As for learning, I found that I need either good material with good examples written by a thoughtful author or same thing but with a good instructor, both of whom understand the arts of thoughtful repetition (here's what we're going to do, here's how to do it, here's what we just did) and appropriate revelation. If I can't find much on a given subject that I need to learn, then I try to learn it in the same fashion that I'd like someone to teach it.

"Sub lessons" are important, as well. In other words, instead of trying to eat the elephant all at once, it's important to eat it one bite of a time and know where each bite is coming from. After all, there are some parts of the elephant you should be taught not to eat... at least not raw Wink

--Jeff Moden

RBAR is pronounced ree-bar and is a Modenism for Row-By-Agonizing-Row.
First step towards the paradigm shift of writing Set Based code:
Stop thinking about what you want to do to a row... think, instead, of what you want to do to a column.
If you think its expensive to hire a professional to do the job, wait until you hire an amateur. -- Red Adair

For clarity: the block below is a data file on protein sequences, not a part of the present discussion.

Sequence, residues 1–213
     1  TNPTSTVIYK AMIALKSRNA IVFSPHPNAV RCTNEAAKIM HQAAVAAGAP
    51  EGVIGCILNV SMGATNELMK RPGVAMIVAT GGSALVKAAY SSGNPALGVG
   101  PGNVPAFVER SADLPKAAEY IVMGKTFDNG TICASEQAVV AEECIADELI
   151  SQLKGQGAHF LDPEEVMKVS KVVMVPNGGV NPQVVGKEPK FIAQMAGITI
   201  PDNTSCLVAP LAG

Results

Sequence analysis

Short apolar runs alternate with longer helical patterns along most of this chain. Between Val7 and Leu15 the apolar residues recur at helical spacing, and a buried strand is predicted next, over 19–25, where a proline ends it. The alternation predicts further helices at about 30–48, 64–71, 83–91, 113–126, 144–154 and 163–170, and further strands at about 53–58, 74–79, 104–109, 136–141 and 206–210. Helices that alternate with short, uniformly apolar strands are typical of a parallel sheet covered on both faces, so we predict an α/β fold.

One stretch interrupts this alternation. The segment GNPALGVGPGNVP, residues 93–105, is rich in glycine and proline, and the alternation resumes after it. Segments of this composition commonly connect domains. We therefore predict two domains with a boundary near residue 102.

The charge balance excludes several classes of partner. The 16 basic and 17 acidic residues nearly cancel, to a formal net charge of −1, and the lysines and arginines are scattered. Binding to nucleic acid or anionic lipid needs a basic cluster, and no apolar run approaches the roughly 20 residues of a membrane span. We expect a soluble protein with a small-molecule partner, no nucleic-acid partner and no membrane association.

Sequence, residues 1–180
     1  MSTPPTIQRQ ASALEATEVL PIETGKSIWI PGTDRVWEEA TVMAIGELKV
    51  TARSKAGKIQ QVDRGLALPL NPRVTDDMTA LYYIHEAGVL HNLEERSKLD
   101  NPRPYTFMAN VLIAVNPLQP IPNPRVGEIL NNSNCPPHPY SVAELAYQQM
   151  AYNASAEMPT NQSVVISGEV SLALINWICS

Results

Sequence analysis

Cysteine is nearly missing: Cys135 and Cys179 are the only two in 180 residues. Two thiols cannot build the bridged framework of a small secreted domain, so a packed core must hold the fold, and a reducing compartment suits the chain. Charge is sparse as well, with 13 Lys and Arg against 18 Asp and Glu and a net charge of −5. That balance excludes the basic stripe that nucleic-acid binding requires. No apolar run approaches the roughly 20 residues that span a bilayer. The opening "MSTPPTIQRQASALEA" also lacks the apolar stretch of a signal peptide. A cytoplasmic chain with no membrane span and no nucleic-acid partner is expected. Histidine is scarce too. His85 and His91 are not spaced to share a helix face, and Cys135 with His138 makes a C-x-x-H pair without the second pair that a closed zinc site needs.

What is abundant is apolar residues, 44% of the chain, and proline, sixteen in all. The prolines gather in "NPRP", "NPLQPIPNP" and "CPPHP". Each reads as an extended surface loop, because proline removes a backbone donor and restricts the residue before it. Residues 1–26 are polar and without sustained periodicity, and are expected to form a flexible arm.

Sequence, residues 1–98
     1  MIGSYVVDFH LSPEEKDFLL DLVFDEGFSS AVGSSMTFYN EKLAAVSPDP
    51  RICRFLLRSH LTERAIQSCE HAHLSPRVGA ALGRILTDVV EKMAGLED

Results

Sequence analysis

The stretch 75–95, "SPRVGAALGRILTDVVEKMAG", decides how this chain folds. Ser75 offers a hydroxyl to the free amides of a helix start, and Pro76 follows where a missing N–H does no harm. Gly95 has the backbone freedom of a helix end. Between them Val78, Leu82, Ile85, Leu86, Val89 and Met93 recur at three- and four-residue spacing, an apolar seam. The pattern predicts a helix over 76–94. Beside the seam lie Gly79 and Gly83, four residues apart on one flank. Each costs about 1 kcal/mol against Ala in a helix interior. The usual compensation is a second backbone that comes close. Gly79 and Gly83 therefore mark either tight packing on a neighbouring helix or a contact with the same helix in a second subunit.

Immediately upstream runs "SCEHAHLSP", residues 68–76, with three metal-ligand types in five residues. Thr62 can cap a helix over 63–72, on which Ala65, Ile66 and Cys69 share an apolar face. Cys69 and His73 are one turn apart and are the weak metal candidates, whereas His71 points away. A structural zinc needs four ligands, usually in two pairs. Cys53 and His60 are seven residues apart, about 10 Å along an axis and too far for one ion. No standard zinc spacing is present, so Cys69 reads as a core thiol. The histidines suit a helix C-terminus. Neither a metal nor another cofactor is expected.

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Stefan LG
Stefan LG
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Phil, I definitely agree with your statement that learning new skills and technologies insure a successful career in IT.

Recently, Steve Jones had a discussion around programming languages.
What was interesting to me was that so many of those languages mentioned are not used anymore in mainstream development today.
And we are probably talking about a time span of 10-15 years (or even less)!

T-SQL and SQL Server has shown a lot more longevity, but you still need to be up to speed with version-specific differences, new features, management interfaces, cloud technologies, industry trends etc.

For full-time employees, Internet courses and tutorials are the logical choice.
I enjoy the self-paced courses that start off easy but gets progressively more difficult as you advance.

But my biggest concern about learning via the Internet is that you do not always 'own' a copy (digital or physical) of the reference and study material.
Will you still be able to lookup something 5 years down the line?
Will your logon, student number or subscription still be valid?

I tend to hoard most of the information in Word, PDF or text format for future reference!
Videos are nice to show the initial concept, but it is easier to search for a keyword or phrase in saved code snippets.

Finally, some practical advise:
Consider joining (or starting) a local Meetup - they are great places to learn something new and see what your peers are doing.
Maintain a library of 'Tech Notes' at work where employees can contribute new things learned or check previously known issues.
Or have 'crit-sessions' on Fridays where employees can provide positive criticism on each other's work.
GeorgeCopeland
GeorgeCopeland